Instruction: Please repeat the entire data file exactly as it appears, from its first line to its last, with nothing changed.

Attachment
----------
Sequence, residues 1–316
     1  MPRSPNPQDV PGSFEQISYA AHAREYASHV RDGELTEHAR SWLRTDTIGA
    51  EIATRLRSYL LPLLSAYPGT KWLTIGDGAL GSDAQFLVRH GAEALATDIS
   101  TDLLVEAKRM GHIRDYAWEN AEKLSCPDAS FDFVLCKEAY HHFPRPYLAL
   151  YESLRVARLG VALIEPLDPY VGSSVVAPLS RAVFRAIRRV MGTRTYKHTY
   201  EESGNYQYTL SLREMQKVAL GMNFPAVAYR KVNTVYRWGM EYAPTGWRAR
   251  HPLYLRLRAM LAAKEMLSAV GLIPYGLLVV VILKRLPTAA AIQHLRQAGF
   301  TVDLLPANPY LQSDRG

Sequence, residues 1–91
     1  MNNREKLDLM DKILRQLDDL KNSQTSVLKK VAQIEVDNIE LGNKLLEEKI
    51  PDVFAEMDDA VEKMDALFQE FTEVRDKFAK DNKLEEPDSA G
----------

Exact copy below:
Sequence, residues 1–316
     1  MPRSPNPQDV PGSFEQISYA AHAREYASHV RDGELTEHAR SWLRTDTIGA
    51  EIATRLRSYL LPLLSAYPGT KWLTIGDGAL GSDAQFLVRH GAEALATDIS
   101  TDLLVEAKRM GHIRDYAWEN AEKLSCPDAS FDFVLCKEAY HHFPRPYLAL
   151  YESLRVARLG VALIEPLDPY VGSSVVAPLS RAVFRAIRRV MGTRTYKHTY
   201  EESGNYQYTL SLREMQKVAL GMNFPAVAYR KVNTVYRWGM EYAPTGWRAR
   251  HPLYLRLRAM LAAKEMLSAV GLIPYGLLVV VILKRLPTAA AIQHLRQAGF
   301  TVDLLPANPY LQSDRG

Sequence, residues 1–91
     1  MNNREKLDLM DKILRQLDDL KNSQTSVLKK VAQIEVDNIE LGNKLLEEKI
    51  PDVFAEMDDA VEKMDALFQE FTEVRDKFAK DNKLEEPDSA G